My interest and training in classical ballet is pretty unique, even if technically I am a non-professional but well-keen ballerina who can match it with the best amateur dancers New York City has to offer.
I know that out of a pool of similar job candidates, my classical ballet training could help me to stand out from the rest of the pack.
This lead me to think about what unique attributes and transferable skills my training in classical ballet could offer to a prospective employer.
I came up with a list. A list of six attributes that make ballet dancers awesome employees and an asset to any workplace:
1. Ballet dancers are teachable
They have to be. Otherwise they won’t be able to learn and master their craft.
Ballet dancers are reliant on their teachers to school them on correct technique, alignment, etiquette, musicality and everything else that goes with ballet in general.
Being teachable requires ballet dancers to listen hard, to hone their focus, to recognise the flaws in what they’re doing and to adjust their movement to the best of their ability.
As such, ballet dancers are used to taking instruction from someone of superior skill and better at their craft than what they are. Even the very best professional ballet dancers still get corrections from their teachers.
2. Ballet dancers are flexible
An obvious choice. But ballet dancers need to be flexible in mind and not just body.
That’s because there’s an awful lot of rules and structure that goes on in ballet. It’s part of what makes it look so beautiful when it’s executed properly.
But within these rules, large chunks of flexibility is required as well.
Ballet dancers are used to dealing with constant change. Ballet teachers and choreographers are constantly revising their choreography and dancers need to be flexible enough to cope with these changes. Ballet dancers live with having their superiors constantly making changes and then having to adjust accordingly.
3. Ballet dancers are fast learners
Part of the skill of being a proficient ballet dancer centres around how quickly you are able to pick up the steps, techniques and other choreography.
As such, ballet dancers are used to being given verbal and visual instructions and quickly translating them into action.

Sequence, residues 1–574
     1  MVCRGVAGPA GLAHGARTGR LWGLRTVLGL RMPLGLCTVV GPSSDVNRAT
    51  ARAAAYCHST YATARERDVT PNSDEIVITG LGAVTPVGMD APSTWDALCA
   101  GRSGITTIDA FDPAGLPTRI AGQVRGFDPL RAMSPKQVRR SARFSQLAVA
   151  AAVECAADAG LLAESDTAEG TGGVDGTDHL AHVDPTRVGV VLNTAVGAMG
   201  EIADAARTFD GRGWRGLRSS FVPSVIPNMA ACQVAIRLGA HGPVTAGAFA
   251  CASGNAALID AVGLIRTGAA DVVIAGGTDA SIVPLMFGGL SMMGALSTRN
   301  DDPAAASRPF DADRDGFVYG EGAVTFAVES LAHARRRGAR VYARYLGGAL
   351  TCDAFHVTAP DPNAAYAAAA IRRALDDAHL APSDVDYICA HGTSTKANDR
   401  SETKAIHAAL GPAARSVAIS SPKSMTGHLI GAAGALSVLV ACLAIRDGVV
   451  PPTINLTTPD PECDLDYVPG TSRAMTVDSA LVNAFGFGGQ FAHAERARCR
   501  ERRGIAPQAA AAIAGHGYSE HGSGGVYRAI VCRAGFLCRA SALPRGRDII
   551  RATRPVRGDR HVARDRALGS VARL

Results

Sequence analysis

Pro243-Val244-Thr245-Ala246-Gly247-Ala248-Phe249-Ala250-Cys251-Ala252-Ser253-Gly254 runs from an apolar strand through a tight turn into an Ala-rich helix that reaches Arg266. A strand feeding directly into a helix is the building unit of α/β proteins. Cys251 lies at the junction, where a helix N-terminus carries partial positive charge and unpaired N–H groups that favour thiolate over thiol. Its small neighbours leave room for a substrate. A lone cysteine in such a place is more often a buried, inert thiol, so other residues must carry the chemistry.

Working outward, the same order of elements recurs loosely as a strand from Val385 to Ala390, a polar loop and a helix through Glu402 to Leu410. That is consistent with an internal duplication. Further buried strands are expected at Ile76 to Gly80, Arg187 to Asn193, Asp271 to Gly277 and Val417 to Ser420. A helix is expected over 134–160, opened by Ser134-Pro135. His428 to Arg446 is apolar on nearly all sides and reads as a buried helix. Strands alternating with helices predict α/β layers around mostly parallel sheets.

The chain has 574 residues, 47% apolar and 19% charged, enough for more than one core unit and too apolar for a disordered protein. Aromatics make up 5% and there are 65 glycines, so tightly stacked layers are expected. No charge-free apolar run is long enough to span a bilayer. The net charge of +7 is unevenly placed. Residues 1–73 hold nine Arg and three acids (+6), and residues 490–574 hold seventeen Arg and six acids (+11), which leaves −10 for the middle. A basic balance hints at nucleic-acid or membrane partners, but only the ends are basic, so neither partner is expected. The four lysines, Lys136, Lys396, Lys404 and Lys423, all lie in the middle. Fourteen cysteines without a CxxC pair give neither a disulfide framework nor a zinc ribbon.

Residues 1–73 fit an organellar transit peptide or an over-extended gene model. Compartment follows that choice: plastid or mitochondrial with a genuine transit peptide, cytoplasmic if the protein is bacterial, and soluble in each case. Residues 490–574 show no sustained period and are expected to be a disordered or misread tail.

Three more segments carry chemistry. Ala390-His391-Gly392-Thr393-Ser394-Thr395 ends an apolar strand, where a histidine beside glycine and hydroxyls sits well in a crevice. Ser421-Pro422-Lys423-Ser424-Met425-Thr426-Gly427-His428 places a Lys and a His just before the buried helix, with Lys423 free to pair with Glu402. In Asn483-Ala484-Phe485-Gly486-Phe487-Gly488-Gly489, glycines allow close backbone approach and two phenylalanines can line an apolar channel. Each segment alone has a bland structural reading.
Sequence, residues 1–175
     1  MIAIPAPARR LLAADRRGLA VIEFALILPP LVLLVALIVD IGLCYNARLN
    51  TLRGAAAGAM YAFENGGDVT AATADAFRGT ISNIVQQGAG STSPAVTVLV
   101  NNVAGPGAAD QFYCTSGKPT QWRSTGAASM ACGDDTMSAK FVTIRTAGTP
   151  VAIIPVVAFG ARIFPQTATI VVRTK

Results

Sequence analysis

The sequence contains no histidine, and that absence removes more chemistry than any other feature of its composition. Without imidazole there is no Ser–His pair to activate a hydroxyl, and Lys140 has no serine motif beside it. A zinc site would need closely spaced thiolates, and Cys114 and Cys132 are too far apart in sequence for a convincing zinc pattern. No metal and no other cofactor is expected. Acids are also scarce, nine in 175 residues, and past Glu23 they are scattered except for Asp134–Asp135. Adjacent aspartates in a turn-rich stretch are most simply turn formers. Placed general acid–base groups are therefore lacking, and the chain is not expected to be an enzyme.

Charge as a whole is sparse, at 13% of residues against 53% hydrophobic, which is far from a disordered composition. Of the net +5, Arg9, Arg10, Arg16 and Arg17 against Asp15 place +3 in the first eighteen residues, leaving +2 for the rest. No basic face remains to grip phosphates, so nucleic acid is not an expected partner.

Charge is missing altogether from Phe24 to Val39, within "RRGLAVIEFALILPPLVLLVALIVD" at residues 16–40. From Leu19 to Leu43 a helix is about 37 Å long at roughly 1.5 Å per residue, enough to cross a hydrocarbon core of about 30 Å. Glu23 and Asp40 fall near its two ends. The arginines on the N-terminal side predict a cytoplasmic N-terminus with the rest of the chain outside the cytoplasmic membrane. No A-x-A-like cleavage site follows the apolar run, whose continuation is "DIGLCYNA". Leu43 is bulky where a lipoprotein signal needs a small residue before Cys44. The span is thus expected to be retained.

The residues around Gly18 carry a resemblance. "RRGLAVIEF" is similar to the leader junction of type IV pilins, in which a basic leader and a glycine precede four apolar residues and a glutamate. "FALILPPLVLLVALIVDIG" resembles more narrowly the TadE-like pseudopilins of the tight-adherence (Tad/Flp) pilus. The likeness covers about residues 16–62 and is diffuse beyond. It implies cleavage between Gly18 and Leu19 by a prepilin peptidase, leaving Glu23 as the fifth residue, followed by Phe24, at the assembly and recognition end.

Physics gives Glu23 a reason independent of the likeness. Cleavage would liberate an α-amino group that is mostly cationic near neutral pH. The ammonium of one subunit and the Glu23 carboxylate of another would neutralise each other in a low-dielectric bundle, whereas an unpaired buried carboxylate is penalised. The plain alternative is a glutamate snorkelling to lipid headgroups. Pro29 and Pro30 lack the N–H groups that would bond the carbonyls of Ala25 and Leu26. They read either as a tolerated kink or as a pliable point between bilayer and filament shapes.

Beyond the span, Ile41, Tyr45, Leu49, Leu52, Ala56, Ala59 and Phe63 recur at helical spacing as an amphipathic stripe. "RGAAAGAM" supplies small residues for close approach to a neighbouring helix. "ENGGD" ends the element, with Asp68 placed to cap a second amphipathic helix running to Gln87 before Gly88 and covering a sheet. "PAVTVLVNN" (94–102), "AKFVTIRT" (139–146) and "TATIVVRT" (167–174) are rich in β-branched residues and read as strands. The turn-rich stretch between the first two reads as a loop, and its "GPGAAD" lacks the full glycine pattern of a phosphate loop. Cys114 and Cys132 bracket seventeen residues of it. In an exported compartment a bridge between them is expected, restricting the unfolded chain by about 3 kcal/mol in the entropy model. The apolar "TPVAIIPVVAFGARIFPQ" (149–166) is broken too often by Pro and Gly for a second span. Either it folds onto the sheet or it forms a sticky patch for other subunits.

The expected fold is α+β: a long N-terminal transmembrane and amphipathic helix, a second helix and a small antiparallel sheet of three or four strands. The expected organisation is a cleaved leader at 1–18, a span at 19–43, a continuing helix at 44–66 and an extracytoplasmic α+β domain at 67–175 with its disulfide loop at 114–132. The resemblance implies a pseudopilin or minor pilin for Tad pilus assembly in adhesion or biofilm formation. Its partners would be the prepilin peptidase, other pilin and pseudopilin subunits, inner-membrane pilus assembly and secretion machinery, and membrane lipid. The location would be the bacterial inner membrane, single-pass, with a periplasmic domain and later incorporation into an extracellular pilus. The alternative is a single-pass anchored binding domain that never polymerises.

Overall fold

An ability to learn quickly demands an excellent memory, superior listening skills, exceptional concentration and a strong mind-body connection.
4. Ballet dancers are always prepared
Ballet dancers of all people understand the importance of good preparation.
They know that how you set up a pirouette is vital for its final execution. The most complex dance sequences like pirouettes, jumps and other turns simply cannot be executed without the right preparation.
Also, ballet dancers know that all the work and preparation is done behind the scenes. By spending large chunks of class time doing repetitive and routine exercises at the barre.
Preparation is key for what the audience sees and enjoys at the centre of the stage.
5. Ballet dancers work hard
It doesn’t matter whether one dances as a hobby or as a professional, the reality is the same for everyone. Ballet is exacting, demanding and hard.
As such, ballet dancers turn up to class, rehearsals or performances ready and willing to buckle down. They are energetic in mind and body and they expect to work hard.
This makes ballet dancers incredibly dedicated to their craft. They are full of passion and love of the art form. Otherwise they wouldn’t do it.
6. Ballet dancers are team players
This sounds silly when ballet looks so much like a solo event. But it’s not.
Dance is a collective. Dancers feed off the energy of those around them. They are used to working in small groups and are reliant on their peers for support, feedback and advice.
Ballet dancers look to other dancers for a sense of community and fun. Some of my most creative and interesting friends are fellow amateur dancers.
In summary, people with classical ballet training are teachable, flexible, fast learners, prepared, hard-working and team players.
The point I am trying to make here is that these attributes are vital for success in dance but they are also vital for success in the modern workplace.
If you find yourself in a situation where you could hire someone with classical ballet training, you should consider whether these kinds of attributes would make for an awesome employee at your workplace. I am willing to bet that they would.
Better yet, find out if the candidate knows what unique attributes their ballet training can offer you as a potential employer. Chances are if they know, they’ll follow through and give you these attributes in spades.
If they know, hire them.
And by them, I really mean me.
*This article was originally posted on Sarah Jukes’ blog, www.SarahJukes.com.